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Top 7 Terrible Pieces of Financial Advice From Your Grandparents That You Should Ignore

Updated: Nov 11, 2022

And What You Should Do Instead

Hive Weatlh | Top 7 Terrible Pieces of Financial Advice From Your Grandparents That You Should Ignore

It’s time for holiday parties and feasts, gatherings and gift-giving, and catching up with family and friends.

Festive conversations will inevitably wander toward your life goals. And your elders will likely offer plenty of unsolicited advice—for better or for worse.

As you gather around the dinner table, you might hear the following seven pieces of bad financial advice. Rather than follow them, it’s best to just nod and smile politely.

1. Invest in collectibles.

Most of us have heard the phrase, “They’ll be worth something someday!” From baseball cards to Beanie Babies, there are no guarantees that any collectible will appreciate. In the meantime, collecting these items is a liability rather than an asset.

What to do instead: Enjoy collecting as a hobby if it makes you happy, but don’t rely on it as an investment. Instead, pour your hard-earned savings into smart investments. If you’re new to investing, start with our beginner’s guide. We’ve also shared our favorite investment hacks—it’s worth a read if you want to get the most out of your existing investments.

2. Protect yourself and your money during the recession—take your money out of the stock market and put everything into savings.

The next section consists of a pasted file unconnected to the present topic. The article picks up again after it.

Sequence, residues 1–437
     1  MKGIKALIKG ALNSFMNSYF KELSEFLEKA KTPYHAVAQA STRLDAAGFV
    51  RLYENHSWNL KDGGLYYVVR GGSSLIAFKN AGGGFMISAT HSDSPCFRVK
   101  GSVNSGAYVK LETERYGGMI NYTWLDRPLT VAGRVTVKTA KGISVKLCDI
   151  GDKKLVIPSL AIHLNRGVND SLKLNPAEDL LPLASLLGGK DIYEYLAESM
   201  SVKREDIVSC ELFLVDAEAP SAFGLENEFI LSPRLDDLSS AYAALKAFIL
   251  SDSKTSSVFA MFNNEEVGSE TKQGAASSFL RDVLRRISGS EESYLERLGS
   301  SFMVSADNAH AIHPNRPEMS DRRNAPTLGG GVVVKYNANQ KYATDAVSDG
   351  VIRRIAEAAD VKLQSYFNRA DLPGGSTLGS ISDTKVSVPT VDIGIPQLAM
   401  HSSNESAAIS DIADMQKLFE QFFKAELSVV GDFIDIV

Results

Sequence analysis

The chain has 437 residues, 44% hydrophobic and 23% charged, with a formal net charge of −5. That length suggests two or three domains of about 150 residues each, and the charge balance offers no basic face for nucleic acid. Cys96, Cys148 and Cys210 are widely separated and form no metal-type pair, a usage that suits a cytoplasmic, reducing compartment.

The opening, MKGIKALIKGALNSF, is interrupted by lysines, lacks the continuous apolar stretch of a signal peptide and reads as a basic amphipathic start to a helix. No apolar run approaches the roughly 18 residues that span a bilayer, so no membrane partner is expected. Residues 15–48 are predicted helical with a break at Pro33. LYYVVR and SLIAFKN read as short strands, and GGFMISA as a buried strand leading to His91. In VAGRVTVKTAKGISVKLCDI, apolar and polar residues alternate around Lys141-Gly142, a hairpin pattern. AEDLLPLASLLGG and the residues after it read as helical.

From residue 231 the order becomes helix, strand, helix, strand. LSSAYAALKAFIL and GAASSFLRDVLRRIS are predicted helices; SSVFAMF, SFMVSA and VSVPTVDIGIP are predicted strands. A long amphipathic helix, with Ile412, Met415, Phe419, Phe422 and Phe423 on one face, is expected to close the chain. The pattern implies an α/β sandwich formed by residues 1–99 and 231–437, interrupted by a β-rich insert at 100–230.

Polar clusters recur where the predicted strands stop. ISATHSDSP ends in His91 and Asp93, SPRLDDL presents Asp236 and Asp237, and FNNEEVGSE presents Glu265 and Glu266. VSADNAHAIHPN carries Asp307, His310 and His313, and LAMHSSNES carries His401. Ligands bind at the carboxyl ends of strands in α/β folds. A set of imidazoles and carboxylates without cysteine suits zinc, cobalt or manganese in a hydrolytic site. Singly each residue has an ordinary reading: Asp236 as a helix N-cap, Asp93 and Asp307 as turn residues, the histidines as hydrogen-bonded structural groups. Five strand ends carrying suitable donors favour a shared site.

The image of a mattress stuffed with cash didn’t come out of nowhere. The stock market crash and subsequent Great Depression sparked mass fear and mistrust of financial institutions, from banks to the stock market itself. It’s hard to blame the greatest and silent generations (who experienced the Great Depression as adults and children, respectively) for feeling this way when so many comfortable, middle-class lives were thrown into poverty.

While keeping a set amount of liquid assets in the bank for a rainy day is smart, even money in a high-yield savings account won’t generate enough growth to call home about (these days, the best rates are still unlikely to outpace inflation!).

What to do instead: Use your bed for sleeping, not storing money. And continue to invest consistently—even during economic downturns. If you’re uncertain about making investment decisions, it never hurts to diversify your portfolio—it reduces risk substantially. Index funds are a great way to start building a diverse portfolio because they allow you to purchase a variety of stocks, bonds, and other assets.

3. Don’t worry about saving for retirement—you’ll have social security.

This advice is usually followed up with, “you can’t take it with you!” While that’s true, if you’re trying to build generational wealth, the whole point is to leave something behind.

Not to mention that social security isn’t enough to sustain the average cost of living in most states. Median monthly social security benefits amounted to $1,403 for women and $1,814 for men in 2022. Is that enough to live on in your area? What to do instead: Start saving and investing today—even if retirement is not part of your long term plan (because you might change your mind one day!). If your employer offers a 401(k) match, you stand to double contributions over the years. Any extra funds you might have as a business owner or independent contractor can go into a solo 401(k) or an individual retirement account (IRA).